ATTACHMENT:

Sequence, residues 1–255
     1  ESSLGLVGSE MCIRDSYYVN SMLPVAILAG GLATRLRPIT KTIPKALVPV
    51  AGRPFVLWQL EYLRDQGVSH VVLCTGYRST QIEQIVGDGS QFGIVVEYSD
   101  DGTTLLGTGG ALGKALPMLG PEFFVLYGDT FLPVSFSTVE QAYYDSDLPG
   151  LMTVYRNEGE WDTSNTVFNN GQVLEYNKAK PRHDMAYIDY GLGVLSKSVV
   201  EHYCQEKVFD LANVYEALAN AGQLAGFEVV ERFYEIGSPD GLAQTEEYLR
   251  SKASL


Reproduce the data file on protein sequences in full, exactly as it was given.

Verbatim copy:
Sequence, residues 1–255
     1  ESSLGLVGSE MCIRDSYYVN SMLPVAILAG GLATRLRPIT KTIPKALVPV
    51  AGRPFVLWQL EYLRDQGVSH VVLCTGYRST QIEQIVGDGS QFGIVVEYSD
   101  DGTTLLGTGG ALGKALPMLG PEFFVLYGDT FLPVSFSTVE QAYYDSDLPG
   151  LMTVYRNEGE WDTSNTVFNN GQVLEYNKAK PRHDMAYIDY GLGVLSKSVV
   201  EHYCQEKVFD LANVYEALAN AGQLAGFEVV ERFYEIGSPD GLAQTEEYLR
   251  SKASL